When I was taking breaks from the novel, I worked on short stories. Some of them were flash, but eventually, I did work my way up to longer shorts.

On my third Mash competition (Halloween, Missile, Common) , my entry, “Above the Influence,” got short-listed.  This was my first fiction publication. Mash had taught me a second lesson. Not only could I finish and polish a story, but I could also do it well enough to published, to be be one of the top twenty-ish stories in a competition with hundreds of entries.

Around the time I got shortlisted, Mash had started a “Mash Club.” Joining cost money (regular submissions were free) but members received detailed feedback, quicker responses and were allowed multiple submissions. I had a lot of ideas for they key words and loved feedback, so I joined.

The next five stories I sent mash (two in that competition and three in the following quarter) got rejected. However, each rejection was followed by two or three pages of extremely detailed feedback from multiple judges. I used that feedback to revise each rejected story, and then I would send it out to another market.

This week, I found out one of those stories was accepted for publication in an anthology that Centum Press plans to publish this summer.  This will be my first piece of fiction to appear in a printed book.

So thank you, Mash stories, for giving me the inspiration, confidence and guidance to dive into the world of flash fiction. And thank you to the writing group members who introduced to Mash, encouraged me to write flash fiction and read/critiqued the rough versions of my stories. You know who you are.

A Win on Cracked Flash

For the past two months, I have made it part of my weekend routine to participate in the Cracked Flash writing competition. They post a sentence and some inspiration images allowing writers 24 hours to come up with a 300 word story. All entries are posted to the comments. The following Wednesday, a winner and two runner ups are chosen.

This Wednesday, my story, “Her First Rodeo,” won.  

This is my second time winning this competition, and I’m just as excited as I was the first time. In an world so full of rejections, it is refreshing to see somebody appreciated my writing – to see somebody gets me. Cracked flash is a unique competition that I would recommend to any writer.

One thing that sets this apart from other contests is the time limit. 24 hours is not very long. Because I have other projects I’m working on, papers to grade, and occasionally, people to see, I usually only have time for two drafts. One where I write the story and exceed the word count, then another where I cut back and improve the language. Some weeks my stories have flat characters and week plots. Some weeks, they are funny and dynamic. Twice, they have been good enough to win.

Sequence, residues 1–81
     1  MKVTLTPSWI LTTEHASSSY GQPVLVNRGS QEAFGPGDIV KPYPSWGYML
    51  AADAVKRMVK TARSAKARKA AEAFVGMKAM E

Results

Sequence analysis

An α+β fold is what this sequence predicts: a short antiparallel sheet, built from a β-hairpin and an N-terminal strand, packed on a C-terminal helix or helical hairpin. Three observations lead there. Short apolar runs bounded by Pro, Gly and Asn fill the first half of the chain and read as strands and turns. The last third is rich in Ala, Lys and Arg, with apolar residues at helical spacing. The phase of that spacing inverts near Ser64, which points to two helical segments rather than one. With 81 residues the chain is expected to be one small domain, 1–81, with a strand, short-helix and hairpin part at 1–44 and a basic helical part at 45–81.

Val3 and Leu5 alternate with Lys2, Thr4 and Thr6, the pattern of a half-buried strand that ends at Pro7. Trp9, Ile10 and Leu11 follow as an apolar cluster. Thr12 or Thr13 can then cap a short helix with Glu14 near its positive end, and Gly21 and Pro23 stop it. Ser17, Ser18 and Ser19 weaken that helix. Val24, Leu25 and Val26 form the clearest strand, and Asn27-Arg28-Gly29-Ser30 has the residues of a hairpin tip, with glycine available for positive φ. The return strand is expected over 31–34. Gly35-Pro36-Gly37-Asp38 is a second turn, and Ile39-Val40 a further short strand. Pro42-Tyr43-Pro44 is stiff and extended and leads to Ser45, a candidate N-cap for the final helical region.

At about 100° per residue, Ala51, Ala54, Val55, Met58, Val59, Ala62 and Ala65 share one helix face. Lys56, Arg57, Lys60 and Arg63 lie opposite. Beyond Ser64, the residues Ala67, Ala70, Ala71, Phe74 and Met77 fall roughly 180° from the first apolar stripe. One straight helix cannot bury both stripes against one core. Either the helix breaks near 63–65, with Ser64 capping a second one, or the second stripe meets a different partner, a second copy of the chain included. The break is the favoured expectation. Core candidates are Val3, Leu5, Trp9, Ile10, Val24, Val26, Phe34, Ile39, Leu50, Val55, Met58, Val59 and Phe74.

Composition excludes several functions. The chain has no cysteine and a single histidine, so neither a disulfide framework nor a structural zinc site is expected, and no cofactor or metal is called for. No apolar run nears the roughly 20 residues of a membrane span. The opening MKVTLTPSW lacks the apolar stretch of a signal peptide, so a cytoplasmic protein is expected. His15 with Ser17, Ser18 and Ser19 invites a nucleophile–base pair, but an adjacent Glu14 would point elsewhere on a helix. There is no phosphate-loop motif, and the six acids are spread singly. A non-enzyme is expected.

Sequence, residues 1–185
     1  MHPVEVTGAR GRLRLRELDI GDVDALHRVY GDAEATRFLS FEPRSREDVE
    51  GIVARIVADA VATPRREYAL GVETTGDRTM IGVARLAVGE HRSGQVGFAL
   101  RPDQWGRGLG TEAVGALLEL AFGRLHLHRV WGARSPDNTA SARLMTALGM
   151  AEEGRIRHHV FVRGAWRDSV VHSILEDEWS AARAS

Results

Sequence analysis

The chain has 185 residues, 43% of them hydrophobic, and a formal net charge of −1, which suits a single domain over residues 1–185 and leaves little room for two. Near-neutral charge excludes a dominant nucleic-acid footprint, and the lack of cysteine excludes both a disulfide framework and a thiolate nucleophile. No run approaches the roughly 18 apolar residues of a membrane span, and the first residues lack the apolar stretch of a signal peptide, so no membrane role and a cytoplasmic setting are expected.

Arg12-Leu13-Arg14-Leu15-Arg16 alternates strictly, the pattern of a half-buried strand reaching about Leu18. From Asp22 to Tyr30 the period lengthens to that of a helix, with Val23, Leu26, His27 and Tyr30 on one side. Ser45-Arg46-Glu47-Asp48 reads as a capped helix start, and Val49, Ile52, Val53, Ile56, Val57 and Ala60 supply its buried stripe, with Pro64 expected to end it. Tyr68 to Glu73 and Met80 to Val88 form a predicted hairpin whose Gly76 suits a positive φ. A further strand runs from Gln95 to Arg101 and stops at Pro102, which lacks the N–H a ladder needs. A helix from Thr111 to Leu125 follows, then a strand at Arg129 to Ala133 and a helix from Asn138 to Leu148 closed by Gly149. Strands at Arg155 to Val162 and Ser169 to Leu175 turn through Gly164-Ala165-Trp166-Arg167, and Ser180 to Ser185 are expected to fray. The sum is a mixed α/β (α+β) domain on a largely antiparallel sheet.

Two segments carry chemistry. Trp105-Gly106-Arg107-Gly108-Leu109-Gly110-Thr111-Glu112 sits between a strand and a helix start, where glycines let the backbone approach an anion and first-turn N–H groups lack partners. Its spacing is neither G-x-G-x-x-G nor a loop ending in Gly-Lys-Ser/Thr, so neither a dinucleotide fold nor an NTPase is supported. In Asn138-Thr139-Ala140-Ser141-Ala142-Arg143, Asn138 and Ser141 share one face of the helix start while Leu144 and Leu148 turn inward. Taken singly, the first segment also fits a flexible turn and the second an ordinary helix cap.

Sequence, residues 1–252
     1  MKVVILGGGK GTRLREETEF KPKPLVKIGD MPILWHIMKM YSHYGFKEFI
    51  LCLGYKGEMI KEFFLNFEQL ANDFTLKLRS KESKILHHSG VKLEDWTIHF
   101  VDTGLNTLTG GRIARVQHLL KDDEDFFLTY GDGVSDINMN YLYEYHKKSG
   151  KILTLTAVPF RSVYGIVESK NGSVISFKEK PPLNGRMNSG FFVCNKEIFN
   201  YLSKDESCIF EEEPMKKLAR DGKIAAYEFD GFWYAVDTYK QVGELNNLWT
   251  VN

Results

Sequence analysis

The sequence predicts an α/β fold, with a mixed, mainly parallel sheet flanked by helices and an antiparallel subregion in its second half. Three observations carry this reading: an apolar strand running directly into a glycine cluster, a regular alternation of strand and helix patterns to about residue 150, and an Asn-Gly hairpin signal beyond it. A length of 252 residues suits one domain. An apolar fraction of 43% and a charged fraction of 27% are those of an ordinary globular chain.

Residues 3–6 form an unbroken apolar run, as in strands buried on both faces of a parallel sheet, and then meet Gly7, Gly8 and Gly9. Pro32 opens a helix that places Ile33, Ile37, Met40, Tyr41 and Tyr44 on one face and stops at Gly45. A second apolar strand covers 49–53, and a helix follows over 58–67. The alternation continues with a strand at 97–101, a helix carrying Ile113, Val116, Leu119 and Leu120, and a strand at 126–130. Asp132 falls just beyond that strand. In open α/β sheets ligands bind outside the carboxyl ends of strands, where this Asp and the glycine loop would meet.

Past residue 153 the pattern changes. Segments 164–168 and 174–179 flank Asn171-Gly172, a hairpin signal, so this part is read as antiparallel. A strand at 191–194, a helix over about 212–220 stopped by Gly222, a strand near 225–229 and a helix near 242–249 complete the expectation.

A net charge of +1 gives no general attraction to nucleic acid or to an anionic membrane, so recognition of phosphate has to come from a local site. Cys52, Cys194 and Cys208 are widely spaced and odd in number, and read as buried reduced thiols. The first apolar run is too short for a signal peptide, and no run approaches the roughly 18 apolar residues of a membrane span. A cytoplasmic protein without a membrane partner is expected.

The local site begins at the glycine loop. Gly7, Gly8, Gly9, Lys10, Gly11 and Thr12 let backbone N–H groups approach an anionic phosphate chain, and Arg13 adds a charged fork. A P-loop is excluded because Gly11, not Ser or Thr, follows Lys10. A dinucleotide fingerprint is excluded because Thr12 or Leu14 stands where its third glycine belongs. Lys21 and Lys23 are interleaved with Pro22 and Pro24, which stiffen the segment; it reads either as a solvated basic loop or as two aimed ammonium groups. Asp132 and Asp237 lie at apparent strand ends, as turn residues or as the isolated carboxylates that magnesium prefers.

Winning does’t mean the stories perfect, and the judges know that. My favorite part of this competition is that their statements about the winners usually point out a few things they liked about the story and one or two ways it could have been better. While I can’t send my 300 word to a lot of publications because simply being on the web means it is “previously published” I could revise it and expand it until it morphs into a new story.

The short might be like a cucumber seedling. It starts out small, but turns into an enormous vine that produces dozens of delicious fruits.

My 300-word story about a sheriff and his apprentice placing a tracker on an outlaw alien might just evolve into a 3,000 word story about those same to characters tracking said alien, apprehending him, and realizing he wasn’t a villain at all but a victim who was framed.

It will take a few months for this seedling to grow into sprawling vine, so please take a few minutes to look at this little green baby and don’t forget to visit Cracked Flash on Saturday for some #writing #inspiration.

Her First Rodeo

By Sara Codair

“It’s a bad plan, but if there’s one thing I’m good at, it’s making bad plans work!” said Joe.

The Cantina was dark place that reeked of stale beer. Horrid country was barely audible over the drunken shouts of ranchers–exactly the kind of place their quarry would hide.

“We’re gonna get killed,” muttered Molly. She was rookie, fresh out of the academy.

“Every man in here is carrying a gun.”

Molly wasn’t wrong about the guns, but Joe was unconcerned. They were a crucial part of his plan. He walked straight to the the counter and order a shot of whisky before shouting, “I’m looking for Greggor Tams. First one to give me intel gets fifty bucks.”

The men froze. Conversation ceased. The automated singer crooned about losing his wife, truck, and hamster while the click of safeties switching off improved the melody.

“We ain’t snitches,” said a man whose face resembled a raisen.

Joe grinned. No face matched his quarry’s, so he examined each gun and hand carefully, focusing on a gleaming silver pistol, held by a blue-tinted hand. Alien magic could create some good illusions, but the flaws always showed closest to objects from their home-worlds, especially laser-pistols.

He knew Molly had spotted it when she fainted.

“I ain’t askin nobody to snitch,” shouted Joe. “Just wanted to see how my apprentice held under pressure.”

“She didn’t hold at all,” laughed raisin face, putting his gun away.

“Next round’s on me.” Joe slipped three bills to the bartender, picked Molly up and carried her to his truck, careful to bump his quarry on the way out and plant a tracking device.

Molly sat up as the pulled onto the road. “I can’t believe that worked. The fainting act is the oldest trick in the book.”